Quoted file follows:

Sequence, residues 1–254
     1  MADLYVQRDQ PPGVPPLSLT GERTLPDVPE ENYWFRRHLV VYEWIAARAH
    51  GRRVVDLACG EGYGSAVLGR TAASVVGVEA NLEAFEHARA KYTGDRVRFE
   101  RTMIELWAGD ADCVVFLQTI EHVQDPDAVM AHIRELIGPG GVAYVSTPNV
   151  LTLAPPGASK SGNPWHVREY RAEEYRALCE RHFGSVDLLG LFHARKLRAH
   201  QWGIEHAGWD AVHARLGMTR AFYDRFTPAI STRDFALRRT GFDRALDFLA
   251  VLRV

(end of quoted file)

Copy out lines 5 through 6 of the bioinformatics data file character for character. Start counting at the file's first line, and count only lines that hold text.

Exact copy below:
   151  LTLAPPGASK SGNPWHVREY RAEEYRALCE RHFGSVDLLG LFHARKLRAH
   201  QWGIEHAGWD AVHARLGMTR AFYDRFTPAI STRDFALRRT GFDRALDFLA